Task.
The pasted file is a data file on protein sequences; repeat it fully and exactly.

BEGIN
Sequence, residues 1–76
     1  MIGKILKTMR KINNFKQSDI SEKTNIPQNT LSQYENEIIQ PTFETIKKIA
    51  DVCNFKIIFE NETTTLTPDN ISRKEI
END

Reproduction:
Sequence, residues 1–76
     1  MIGKILKTMR KINNFKQSDI SEKTNIPQNT LSQYENEIIQ PTFETIKKIA
    51  DVCNFKIIFE NETTTLTPDN ISRKEI